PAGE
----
Today was garlic day.
Before growing our own garlic, I had no clue that you plant it in the fall and harvest it the following summer. Thus, garlic planting in the fall is a marker that a given garden season is nearing the end.
Turns out garlic is also one of the easiest crops to grow–easy to plant, little maintenance (ideally a little weeding now and then, but it actually puts up with a lot of weeds), a little water if it’s a drought year. But between an hour planting and a few hours weeding in the spring and summer, that’s about it.
Until, of course, you harvest all that garlic.
We planted a lot two years ago–too much for even us to eat. Yes, some of you got some of the “extra” garlic. Last year we planted much less because of the overflow the previous year. And still we finished last year’s garlic only about two weeks ago.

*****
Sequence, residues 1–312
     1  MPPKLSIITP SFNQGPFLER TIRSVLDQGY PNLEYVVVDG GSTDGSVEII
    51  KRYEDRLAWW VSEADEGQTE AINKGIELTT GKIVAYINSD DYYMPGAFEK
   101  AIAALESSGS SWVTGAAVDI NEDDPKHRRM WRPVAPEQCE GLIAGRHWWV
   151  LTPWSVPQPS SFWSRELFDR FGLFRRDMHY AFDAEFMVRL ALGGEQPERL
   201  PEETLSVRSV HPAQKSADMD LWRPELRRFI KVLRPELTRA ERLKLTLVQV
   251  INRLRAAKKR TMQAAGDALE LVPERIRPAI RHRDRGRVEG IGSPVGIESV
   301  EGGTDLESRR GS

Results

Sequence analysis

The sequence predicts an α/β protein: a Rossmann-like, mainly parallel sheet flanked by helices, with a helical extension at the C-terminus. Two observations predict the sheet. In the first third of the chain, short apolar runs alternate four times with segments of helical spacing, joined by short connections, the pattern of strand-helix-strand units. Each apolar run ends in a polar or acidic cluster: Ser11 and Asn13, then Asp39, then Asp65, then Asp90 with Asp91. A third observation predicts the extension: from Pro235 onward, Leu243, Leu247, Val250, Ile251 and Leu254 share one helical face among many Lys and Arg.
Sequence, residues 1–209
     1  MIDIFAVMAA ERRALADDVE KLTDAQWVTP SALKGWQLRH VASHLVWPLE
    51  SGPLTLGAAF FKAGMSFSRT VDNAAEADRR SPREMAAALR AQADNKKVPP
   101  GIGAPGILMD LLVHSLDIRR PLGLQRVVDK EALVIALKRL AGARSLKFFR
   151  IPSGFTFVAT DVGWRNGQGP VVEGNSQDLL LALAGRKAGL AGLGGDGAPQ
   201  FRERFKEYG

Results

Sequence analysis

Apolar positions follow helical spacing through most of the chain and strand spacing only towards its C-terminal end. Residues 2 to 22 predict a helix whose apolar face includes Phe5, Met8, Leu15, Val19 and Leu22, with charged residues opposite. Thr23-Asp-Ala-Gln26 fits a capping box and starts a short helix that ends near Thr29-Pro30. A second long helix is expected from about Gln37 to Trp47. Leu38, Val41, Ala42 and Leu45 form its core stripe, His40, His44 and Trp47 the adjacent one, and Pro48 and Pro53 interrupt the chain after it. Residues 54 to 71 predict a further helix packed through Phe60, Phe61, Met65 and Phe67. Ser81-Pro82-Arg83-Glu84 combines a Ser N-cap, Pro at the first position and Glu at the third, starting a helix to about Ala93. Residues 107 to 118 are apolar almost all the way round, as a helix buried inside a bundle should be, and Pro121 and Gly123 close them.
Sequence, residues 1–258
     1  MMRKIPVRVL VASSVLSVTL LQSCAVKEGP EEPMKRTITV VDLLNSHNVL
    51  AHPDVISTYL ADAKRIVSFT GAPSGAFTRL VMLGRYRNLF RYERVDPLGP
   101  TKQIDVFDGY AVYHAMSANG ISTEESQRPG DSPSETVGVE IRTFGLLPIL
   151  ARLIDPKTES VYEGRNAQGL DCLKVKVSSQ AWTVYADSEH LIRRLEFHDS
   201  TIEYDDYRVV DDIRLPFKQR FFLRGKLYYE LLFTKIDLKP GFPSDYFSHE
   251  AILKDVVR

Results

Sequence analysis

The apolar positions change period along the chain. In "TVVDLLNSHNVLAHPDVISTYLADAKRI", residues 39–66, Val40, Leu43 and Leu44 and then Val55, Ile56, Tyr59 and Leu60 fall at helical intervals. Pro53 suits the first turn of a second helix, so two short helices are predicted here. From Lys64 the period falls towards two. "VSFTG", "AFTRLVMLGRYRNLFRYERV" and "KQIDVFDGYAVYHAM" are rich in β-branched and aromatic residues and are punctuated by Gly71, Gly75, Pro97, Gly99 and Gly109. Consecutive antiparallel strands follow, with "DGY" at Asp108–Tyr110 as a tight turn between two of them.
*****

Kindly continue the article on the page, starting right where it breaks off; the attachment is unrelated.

Now it’s time to plant for next season. Ron’s been splitting wood with a rented hydraulic wood splitter thingy much of yesterday and today so I was on garlic duty. I decided to count cloves this year. (Don’t ask me why.) I planted something like 112(ish) cloves this year. Except that I had to start and stop several times and somewhat lost track. At any rate, those 112(ish) cloves will, of course, turn into 112(ish) heads of garlic by next summer.
It’s amazing how $9 in garlic purchased from our co-op (and supplemented by a five heads of our garlic from last year’s harvest) plus a few hours of labor will turn into 112(ish) heads of garlic. Given that organic garlic runs $2.25 a pop at our farmers’ market, it’s quite a return on both investment and labor.
Not to mention that it’s wonderful, stinky, and yummy.